Temporarily partnered with Lt. Carl Grasso while Jason Santiago heals from their last case, Det. Ellie MacIntosh tackles yet another high-profile case. A spate of cop killings has terrorized the Milwaukee police department, and Chief Joe Metzger wants answers now. Theories abound as to motive: drug trafficking and mob connections come up first. On further investigation, though, the killings look to be more personally motivated, and loose-cannon Jason can’t help but get involved. If that’s not personal enough, Ellie’s grandfather, Robert MacIntosh, finds an old skeleton on his land, and she suspects he’s not telling her all he knows. Whether in Milwaukee or rural northern Wisconsin, Ellie, Carl, and Jason are in danger. Let the action begin. VERDICT Just try to put this one down! Watterson’s third entry in her thriller series (after Charred) successfully blends action with puzzle, keeping three detectives going full speed. Her alternate narrative, set in the late 1950s, makes for a strong secondary plot. A great pick for Allison Brennan fans.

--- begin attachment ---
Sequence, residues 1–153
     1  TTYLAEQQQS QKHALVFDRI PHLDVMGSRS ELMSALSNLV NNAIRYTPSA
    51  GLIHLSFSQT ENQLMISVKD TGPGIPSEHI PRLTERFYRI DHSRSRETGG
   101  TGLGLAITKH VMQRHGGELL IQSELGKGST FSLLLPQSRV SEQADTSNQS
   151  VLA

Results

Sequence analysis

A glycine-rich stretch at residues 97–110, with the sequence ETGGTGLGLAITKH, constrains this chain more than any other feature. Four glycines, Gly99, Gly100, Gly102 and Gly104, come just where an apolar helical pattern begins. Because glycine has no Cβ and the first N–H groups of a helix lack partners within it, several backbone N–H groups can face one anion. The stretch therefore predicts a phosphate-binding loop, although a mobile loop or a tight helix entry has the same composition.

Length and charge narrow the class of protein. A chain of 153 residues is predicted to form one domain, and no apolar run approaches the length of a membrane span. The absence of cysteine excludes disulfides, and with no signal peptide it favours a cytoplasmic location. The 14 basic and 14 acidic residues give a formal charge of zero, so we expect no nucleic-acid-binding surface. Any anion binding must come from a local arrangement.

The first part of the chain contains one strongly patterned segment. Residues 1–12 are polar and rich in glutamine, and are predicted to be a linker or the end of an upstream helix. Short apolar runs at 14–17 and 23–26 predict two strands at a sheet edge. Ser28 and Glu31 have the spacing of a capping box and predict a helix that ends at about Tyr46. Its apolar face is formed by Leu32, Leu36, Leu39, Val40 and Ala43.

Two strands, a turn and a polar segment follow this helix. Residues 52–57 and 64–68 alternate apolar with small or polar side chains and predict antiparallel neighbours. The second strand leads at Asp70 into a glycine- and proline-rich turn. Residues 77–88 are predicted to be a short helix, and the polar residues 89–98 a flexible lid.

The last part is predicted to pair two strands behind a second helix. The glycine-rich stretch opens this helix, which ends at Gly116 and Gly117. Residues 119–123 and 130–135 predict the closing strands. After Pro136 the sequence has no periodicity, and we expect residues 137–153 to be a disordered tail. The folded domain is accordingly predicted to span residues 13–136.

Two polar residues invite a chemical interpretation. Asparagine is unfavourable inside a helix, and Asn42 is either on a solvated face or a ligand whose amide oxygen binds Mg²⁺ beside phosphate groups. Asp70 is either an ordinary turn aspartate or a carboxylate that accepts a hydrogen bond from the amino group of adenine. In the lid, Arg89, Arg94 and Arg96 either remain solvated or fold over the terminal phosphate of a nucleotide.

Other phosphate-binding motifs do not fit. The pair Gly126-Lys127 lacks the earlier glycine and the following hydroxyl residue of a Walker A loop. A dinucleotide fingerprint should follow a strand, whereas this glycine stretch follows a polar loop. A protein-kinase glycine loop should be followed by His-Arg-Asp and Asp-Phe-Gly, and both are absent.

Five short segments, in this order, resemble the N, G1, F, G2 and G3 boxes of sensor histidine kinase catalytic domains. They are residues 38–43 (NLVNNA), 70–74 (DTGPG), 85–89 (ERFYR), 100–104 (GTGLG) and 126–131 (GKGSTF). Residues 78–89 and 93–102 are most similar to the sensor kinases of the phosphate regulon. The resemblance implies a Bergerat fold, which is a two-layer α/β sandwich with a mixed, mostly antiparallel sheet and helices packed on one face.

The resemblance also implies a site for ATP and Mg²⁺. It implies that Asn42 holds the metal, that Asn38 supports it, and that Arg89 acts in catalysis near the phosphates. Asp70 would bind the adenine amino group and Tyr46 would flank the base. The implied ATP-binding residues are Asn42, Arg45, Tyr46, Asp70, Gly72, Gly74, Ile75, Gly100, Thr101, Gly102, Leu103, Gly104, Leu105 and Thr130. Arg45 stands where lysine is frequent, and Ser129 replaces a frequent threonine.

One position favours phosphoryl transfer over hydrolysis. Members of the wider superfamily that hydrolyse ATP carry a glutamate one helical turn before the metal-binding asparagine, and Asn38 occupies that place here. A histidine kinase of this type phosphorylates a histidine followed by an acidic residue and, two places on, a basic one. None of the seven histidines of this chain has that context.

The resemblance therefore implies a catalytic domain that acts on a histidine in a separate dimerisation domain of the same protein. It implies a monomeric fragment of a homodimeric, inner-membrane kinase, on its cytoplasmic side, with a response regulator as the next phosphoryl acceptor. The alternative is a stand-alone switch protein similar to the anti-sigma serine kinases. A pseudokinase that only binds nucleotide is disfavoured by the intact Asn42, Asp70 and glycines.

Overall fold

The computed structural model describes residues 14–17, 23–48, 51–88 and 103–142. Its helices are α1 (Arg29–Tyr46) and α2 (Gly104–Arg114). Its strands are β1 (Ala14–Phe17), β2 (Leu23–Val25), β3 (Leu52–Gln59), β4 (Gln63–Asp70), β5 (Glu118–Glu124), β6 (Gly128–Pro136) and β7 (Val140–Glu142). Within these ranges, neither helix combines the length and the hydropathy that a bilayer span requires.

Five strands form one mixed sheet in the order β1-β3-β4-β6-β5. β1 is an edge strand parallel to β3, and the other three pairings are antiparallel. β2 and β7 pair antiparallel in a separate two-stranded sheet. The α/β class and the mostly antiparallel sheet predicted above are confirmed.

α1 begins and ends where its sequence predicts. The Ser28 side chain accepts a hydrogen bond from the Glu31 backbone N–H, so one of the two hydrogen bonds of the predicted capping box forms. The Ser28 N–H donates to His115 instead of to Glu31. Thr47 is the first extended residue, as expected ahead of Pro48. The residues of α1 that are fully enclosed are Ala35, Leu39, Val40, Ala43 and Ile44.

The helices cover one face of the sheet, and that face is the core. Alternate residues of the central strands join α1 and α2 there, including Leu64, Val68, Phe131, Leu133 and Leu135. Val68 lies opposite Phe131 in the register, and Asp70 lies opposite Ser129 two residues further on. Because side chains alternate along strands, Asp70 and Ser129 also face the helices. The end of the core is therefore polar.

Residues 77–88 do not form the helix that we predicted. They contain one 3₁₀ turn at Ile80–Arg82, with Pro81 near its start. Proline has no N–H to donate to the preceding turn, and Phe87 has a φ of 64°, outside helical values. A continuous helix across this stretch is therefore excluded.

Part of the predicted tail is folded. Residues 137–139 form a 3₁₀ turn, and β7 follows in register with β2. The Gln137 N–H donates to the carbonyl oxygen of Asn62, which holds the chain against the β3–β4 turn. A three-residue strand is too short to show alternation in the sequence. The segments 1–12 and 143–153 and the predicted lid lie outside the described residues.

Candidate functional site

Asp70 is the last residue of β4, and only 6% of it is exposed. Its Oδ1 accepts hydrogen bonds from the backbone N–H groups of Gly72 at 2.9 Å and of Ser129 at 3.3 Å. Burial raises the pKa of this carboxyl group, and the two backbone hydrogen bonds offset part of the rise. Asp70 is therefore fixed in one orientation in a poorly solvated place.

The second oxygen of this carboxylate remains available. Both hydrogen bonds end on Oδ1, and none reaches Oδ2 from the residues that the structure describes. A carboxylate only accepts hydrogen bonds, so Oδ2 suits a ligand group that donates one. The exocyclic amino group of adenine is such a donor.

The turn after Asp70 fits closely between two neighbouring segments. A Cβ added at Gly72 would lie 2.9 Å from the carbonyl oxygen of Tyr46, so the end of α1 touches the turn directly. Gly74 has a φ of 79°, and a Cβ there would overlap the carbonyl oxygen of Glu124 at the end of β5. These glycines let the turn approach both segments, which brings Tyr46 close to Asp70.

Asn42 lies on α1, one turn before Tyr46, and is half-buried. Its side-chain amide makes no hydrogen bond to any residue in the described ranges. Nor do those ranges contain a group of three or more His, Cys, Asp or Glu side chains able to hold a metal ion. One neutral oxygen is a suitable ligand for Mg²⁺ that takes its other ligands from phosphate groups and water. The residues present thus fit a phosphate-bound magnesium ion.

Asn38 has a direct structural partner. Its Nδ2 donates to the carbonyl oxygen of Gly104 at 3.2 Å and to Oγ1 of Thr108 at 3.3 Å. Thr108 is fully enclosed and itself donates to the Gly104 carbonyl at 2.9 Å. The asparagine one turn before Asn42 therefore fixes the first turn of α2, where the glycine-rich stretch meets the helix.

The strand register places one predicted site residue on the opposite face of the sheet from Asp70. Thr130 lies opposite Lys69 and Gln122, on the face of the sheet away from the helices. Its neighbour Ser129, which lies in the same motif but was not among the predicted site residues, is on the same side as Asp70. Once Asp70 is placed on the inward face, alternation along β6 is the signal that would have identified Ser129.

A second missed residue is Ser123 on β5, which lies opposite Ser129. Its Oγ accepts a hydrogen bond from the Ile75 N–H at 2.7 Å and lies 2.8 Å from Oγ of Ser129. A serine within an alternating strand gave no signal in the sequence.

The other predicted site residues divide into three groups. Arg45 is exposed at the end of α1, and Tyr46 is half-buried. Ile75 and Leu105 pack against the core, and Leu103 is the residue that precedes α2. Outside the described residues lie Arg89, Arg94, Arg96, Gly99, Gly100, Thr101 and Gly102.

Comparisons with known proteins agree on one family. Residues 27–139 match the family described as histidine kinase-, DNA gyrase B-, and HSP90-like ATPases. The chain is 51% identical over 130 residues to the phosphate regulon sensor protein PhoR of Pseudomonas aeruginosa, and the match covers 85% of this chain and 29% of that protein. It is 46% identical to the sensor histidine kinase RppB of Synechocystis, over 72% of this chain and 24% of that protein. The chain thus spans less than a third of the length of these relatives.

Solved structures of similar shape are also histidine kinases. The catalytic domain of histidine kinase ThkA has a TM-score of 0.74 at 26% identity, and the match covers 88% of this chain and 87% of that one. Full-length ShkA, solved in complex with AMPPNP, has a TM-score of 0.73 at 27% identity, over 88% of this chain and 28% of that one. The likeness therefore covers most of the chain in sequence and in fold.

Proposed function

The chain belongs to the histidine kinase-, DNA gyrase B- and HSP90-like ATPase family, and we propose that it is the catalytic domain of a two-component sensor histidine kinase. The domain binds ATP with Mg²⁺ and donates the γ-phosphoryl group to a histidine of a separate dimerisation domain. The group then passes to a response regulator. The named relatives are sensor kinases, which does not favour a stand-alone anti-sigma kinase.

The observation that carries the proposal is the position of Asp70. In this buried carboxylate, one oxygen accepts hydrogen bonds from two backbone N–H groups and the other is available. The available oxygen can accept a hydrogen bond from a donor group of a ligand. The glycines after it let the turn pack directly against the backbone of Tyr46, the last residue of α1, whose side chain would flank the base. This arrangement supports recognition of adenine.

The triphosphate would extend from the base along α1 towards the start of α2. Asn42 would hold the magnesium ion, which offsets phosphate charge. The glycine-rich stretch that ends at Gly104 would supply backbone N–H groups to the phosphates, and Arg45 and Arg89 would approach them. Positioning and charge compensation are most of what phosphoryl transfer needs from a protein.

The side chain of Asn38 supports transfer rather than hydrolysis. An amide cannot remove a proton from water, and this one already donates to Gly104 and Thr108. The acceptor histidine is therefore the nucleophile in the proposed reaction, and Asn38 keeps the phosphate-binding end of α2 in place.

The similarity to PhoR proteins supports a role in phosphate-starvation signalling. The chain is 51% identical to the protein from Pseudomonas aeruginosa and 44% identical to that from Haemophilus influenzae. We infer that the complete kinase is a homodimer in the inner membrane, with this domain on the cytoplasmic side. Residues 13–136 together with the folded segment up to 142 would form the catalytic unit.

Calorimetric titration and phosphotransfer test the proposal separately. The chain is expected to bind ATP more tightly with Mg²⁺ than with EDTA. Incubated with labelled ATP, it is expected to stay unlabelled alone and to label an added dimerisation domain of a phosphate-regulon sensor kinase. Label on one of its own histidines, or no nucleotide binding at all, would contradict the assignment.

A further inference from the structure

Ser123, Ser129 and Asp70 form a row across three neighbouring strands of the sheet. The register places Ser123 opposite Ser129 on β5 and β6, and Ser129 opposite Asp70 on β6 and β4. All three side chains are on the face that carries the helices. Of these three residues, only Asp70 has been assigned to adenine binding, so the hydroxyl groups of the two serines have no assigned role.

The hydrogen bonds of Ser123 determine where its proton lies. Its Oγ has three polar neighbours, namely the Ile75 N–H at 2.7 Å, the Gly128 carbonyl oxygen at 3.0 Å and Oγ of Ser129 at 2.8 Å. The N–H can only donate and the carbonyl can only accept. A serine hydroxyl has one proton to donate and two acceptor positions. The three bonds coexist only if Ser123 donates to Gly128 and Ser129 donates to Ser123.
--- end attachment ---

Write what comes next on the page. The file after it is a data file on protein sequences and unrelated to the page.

archesredstarBradley, Alan. The Dead in Their Vaulted Arches: A Flavia de Luce Novel. Delacorte. Jan. 2014. 336p. ISBN 9780385344050. $24; ebk. ISBN 9780345539694. M